19. 9. 2015 v IT

What I've learned so far from Web services course

This article is about what I’ve learned and what thoughts come to my mind after two first lectures of course Web Services which is taught at BarcelonaTech University.

Disclaimer: This article was mandatory assignment. But since I find this topic interesting, I've decided to publish it here.

First lecture was rather intro. Lecturer talked besides other about what is specific on software engineering compared to other engineering disciplines. Well, there are two major differences:

  • Software engineering is very young.
  • When we do a mistake in software, usually nothing important really happens (contrary to for example civil engineering where building would collapse and people would die). Of course there are exceptions like developing software for aircrafts but for most of developers, this is true.

The second point allows us to build software in quite rapid way. We just release it and then we see what happens.

What comes to my mind is that these two points are related to each other. SW engineering is very young, therefore our engineering methods are not very mature and leads to software with mistakes. This doesn’t matter so much, because on most of the software don’t depend human lives. But as IT penetrates more and more into all areas of human life, this is slowly beginning to change. And more and more developers will be developing software influencing people lives in critical way and together with this fact, software engineering methods will have to “grow up”.

The second thing at first lecture, that caught my attention, is already more related to Web services itself. Lecturer said something like: “There are two major ways of building web services. RESTful APIs and SOA (which implies SOAP and WSDL). People say, that RESTful approach is not good enough for complex scenarios. I think that if company like Amazon can work only with REST, all companies can.”.

Honestly, It made me really happy that someone experienced in this field said this. Because it is a thought that came to me quite long time ago. Is this SOAP staff, which is for us, web developers, so difficult to tame (unlike to REST), really necessary? Yeah, sure, SOAP is widespread in enterprise systems, so it’s not going to disappear in next decades, but anyway, it’s nice to know.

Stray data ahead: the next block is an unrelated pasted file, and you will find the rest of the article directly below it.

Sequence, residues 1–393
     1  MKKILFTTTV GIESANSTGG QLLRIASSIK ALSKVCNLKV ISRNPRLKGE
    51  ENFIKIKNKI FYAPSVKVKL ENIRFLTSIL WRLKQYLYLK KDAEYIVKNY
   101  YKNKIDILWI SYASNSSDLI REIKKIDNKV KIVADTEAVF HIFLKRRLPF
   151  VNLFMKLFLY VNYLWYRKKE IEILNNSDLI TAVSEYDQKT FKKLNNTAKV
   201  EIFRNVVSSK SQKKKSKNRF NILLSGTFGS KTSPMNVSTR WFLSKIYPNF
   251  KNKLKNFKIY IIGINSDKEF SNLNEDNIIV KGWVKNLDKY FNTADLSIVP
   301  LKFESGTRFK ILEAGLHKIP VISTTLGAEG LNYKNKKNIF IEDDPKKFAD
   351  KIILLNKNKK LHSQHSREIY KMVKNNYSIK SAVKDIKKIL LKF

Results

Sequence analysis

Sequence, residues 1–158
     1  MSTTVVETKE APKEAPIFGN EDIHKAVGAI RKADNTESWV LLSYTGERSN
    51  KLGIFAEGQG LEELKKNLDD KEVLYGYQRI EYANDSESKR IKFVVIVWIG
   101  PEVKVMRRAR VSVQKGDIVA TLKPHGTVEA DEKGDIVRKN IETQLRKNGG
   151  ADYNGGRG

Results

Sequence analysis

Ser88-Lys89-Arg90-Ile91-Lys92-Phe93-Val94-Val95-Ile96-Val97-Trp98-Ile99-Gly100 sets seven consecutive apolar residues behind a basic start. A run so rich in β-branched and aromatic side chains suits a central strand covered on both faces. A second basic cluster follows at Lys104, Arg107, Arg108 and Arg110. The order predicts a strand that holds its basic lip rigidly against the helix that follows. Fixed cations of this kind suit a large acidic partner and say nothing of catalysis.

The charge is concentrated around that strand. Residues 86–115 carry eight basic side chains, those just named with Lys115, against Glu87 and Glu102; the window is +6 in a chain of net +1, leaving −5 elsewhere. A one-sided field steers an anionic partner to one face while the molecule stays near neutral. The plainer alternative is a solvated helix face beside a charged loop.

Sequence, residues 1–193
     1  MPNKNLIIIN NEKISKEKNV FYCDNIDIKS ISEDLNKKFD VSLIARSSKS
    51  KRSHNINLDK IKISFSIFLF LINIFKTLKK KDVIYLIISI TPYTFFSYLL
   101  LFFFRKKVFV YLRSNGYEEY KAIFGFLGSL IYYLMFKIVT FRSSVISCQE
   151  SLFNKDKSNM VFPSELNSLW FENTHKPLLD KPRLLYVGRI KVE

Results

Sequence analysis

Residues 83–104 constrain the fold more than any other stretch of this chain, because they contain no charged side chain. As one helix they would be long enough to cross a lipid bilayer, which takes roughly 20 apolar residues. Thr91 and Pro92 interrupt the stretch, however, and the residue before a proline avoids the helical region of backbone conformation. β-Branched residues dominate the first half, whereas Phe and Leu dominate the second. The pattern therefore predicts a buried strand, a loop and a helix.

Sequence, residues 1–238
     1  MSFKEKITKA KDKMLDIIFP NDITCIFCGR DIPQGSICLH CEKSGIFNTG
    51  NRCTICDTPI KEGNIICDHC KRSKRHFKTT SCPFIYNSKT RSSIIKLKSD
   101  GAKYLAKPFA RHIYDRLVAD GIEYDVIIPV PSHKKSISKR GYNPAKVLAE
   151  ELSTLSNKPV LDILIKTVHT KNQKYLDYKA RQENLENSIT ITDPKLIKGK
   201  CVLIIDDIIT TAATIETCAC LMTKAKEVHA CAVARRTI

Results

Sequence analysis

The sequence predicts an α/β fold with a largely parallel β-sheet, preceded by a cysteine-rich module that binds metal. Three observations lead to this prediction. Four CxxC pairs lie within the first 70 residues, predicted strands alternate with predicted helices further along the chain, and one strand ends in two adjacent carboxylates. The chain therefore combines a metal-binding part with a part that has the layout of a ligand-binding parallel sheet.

With this thought on my mind always another one appears. Can XML be completely replaced by JSON (as an data interchange format)? Because as a web developer, I usually see XML just as an evil. Well, maybe we will get to this question later in the course.

The third thing that I’ve found interesting at first lecture, was brief insight to history of enterprise software systems integration:

  • How SW vendors didn’t want to allow others to read their data, so the client companies and their suppliers would depend on the vendor.
  • How shitty was an CORBA idea as an interchange technology.
  • How it is and was (suprisingly) all about money
  • How revolutionary was the idea to use plaintext for communication and data exchange (HTTP protocol, HTML and the internet).

The second lecture has been more about the topic (web services). Things like multi-tier architecture, distributed systems, middleware, horizontal and vertical integration were discussed.

What intrigued me, was the talk about how inconceivable for people in the seventies (or sixties or eighties, I’m not very good in these historical things) was something like distributed system.

Everybody thought that more powerful computer has to be just single really big computer. And how people imagined that computers will communicate - like humans, which is not in the end so far from reality, because from certain point of view, many aspects of web services communication are similar to human language. Lecturer demonstrated this way of thinking on famous sci-fi novels or TV series (Star trek).

Another interesting thought from this lecture that I just recalled was about technologies in general. We use technologies that were developed decades ago according to:

  • Some requirements that were demanded in that time
  • Possibilities and knowledge that people had in that time

But while requirements start to change with time (usually new ones occurs), we have to build things with the same old technology trying to incorporate new requirements in it. The Von-neumann architecture is a good example. It’s good to be aware of from which reason and with what requirements have been technology that we plan to use developed.

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